To its credit, the Ministry of Education announced that in an effort to reach a wider cross section of students, ostensibly those without access to technological platforms, it will be broadcasting educational content on commercial television and radio. Broadcasts were previously arranged for the State-run PBCJ.

It has also circulated a proposed timetable to guide parents and guardians through the home-school day.

The move should soothe parents like Mia Kelsey in Manchester, who told the Observer that her son, a student of Knox College, did not receive any assignments for the lockdown period, and none has been relayed to her by his teacher.

“He didn't take home anything from school but I've been just making him read a lot,” Kelsey said.

In its Education in Emergencies alert system, the Ministry of Education outlined that among the strategies to be implemented during level three when schools are closed is the distribution of tablets, modems and data cards to schools and students without ready access to technology.

The Observer has checked with principals of 10 schools in Kingston and St Andrew, St Catherine, and Manchester, as well as the Association of Principals and Vice-Principals of Secondary Schools and the feedback is that no tablets have so far been distributed.

“We haven't received any tablets, and I didn't expect any tablets; I knew that would be out of the question,” said principal of Central Branch Primary Michael Sutherland.

“But they [the Ministry of Education] have found a way around it. They have opened a site for us to upload worksheets so the parents and the students can access them and for those who don't have computers at home, they have been facilitating printing at the regional offices so parents can pick up the worksheets,” Sutherland told the Observer.

“Also, they have provided phone credit through FLOW and Digicel so the teachers can contact parents. I have to commend them on this, this time around, and give credit where credit is due,” he added.

On Wednesday, the education ministry issued a statement thanking teachers, school administrators and other partners for collaborating with the Government to allow the provision of educational content to students in their homes following the closure of schools for 14 days.

“Students now have access to the necessary educational resources to continue their learning, despite schools being closed. Without your assistance, we would not have been able to provide our students with these resources in such a timely and accessible way,” said Minister Karl Samuda.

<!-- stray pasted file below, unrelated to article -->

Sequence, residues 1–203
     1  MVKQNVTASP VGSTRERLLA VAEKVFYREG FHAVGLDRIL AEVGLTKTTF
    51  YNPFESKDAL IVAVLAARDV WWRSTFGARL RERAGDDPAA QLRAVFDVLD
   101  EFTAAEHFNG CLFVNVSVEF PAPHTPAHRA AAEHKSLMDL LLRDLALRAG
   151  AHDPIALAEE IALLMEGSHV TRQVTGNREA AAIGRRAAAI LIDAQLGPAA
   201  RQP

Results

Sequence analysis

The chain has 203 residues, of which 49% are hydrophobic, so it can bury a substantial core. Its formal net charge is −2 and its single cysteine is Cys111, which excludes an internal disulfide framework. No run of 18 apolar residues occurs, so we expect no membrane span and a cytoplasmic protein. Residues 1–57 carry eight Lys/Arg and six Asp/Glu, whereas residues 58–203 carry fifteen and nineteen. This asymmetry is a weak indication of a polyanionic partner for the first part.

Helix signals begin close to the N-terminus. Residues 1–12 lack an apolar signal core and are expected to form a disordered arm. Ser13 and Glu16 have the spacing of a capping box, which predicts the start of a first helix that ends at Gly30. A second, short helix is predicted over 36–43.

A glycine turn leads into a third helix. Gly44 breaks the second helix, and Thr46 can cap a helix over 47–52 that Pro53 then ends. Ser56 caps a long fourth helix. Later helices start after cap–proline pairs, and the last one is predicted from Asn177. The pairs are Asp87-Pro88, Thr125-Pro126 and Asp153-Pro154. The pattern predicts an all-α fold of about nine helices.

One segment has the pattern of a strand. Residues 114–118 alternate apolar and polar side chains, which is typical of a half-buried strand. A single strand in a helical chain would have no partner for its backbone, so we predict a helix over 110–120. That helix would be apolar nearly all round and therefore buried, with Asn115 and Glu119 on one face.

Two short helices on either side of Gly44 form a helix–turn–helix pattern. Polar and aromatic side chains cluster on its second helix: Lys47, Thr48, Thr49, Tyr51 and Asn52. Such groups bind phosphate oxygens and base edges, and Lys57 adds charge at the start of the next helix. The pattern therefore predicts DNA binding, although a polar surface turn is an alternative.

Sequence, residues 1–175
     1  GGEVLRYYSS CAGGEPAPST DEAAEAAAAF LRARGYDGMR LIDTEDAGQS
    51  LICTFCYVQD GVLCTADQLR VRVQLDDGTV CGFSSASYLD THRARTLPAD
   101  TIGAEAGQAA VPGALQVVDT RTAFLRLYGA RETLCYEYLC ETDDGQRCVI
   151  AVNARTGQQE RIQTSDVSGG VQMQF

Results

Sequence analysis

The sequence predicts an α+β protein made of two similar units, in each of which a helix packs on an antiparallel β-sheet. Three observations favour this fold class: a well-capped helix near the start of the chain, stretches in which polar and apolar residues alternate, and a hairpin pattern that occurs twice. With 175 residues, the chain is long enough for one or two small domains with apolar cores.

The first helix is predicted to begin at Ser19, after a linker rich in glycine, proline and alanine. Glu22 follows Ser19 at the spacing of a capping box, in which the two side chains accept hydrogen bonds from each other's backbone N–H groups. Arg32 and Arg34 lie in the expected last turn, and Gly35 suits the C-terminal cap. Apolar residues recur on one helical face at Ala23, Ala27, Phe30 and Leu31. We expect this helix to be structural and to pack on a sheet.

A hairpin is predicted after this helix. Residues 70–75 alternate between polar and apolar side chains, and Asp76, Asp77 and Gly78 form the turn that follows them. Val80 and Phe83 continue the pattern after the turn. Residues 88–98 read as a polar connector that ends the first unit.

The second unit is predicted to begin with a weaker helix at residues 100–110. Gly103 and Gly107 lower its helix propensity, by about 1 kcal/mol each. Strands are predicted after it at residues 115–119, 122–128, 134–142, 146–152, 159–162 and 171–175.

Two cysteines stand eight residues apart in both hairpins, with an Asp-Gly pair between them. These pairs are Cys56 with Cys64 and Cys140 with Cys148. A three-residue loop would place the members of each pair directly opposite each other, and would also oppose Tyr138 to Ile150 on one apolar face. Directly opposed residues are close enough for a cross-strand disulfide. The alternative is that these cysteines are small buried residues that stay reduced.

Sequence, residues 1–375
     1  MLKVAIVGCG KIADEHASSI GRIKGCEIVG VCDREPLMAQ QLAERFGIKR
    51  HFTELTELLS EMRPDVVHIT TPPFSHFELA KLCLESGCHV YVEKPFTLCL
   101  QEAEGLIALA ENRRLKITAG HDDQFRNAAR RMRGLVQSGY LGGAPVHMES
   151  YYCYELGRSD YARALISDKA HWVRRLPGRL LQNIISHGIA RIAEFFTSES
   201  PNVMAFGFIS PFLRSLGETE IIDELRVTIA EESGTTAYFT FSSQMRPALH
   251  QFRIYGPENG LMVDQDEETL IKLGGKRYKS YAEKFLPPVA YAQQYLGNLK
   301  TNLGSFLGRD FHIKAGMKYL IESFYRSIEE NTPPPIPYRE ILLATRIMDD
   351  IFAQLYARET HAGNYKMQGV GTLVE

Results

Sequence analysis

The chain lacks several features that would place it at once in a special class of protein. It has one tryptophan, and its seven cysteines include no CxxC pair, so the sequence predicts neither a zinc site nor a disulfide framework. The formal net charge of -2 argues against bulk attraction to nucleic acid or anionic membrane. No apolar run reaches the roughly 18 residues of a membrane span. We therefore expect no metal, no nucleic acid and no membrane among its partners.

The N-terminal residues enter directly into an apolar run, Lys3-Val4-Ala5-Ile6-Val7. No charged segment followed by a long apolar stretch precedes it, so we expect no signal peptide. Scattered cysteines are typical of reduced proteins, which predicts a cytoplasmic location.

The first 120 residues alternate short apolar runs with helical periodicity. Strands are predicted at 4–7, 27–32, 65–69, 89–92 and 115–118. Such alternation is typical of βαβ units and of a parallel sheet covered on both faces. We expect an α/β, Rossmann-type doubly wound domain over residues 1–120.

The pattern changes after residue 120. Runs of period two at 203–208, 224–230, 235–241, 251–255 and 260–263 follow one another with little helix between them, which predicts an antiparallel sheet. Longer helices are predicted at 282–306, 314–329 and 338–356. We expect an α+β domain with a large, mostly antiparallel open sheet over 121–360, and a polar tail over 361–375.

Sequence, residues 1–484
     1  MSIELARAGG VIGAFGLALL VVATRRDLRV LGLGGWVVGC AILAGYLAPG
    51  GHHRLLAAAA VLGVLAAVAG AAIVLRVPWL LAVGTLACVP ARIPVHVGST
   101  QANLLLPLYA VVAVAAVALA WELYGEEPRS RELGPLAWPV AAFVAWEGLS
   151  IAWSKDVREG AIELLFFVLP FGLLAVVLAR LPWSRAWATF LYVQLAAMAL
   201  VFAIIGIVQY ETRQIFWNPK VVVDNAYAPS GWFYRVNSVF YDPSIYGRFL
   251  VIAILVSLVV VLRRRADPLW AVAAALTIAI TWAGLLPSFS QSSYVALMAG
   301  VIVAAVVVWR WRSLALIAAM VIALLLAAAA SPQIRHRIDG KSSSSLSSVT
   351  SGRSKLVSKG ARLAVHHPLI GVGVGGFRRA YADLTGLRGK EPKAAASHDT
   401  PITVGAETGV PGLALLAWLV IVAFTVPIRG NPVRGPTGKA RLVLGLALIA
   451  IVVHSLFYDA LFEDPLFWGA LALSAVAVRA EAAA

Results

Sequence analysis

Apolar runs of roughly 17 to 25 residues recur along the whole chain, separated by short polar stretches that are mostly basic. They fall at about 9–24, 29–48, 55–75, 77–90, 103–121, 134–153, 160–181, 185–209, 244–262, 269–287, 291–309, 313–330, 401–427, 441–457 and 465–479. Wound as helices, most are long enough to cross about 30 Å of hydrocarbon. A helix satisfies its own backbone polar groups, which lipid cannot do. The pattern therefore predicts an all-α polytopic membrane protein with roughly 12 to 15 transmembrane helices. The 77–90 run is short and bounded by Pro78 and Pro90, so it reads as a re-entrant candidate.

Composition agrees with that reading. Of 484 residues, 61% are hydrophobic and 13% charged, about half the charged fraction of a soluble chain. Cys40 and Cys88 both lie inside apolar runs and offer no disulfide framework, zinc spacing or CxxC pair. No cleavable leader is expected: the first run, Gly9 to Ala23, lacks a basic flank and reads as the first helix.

The ministry's agreement with RJRGLEANER will see approved teachers delivering live mathematics, information technology, physics and English literature classes at the CSEC level, while live classes will be held in Caribbean studies, physics, sociology and economics at the Caribbean Advanced Proficiency Examination (CAPE) level.

“The lessons will run from 9:00 am to noon, for seven days starting on Thursday, March 19, 2020. TVJ will air two and half hours of live teaching and half an hour of pre-recorded sessions,” the ministry said.

Lessons will also be available on the company's other brands.

The PBCJ broadcasts, meanwhile, which will be in a combination of live and recorded formats, will air from 7:30 am to 10:00 am and 3:00 pm to 5:00 pm each day, with repeats on the weekend. They cater to early childhood, primary and high school students and various exam syllabi, including Primary Exit Profile, CAPE and CSEC, City & Guilds, and NCTVET.

For its part, CXC has uploaded content for both CSEC and CAPE onto its website.

Academics aside, some of the educators with whom the Observer spoke are concerned that the home-school paradigm, which some are already suggesting will extend beyond the initial two weeks, could further expose vulnerable children to unpleasant situations.

“School is a safe haven for many of our students; students who are hungry, students who are being abused, students who are exposed to violence,” Cumberland Principal Henry said.

Central Branch PrimarySutherland added: “For many students the only meal they get for the day is what they get at school.”

Islandwide school closure took effect on March 13 and extends to March 27. The ministry is expected to assess the situation at that point and advise further.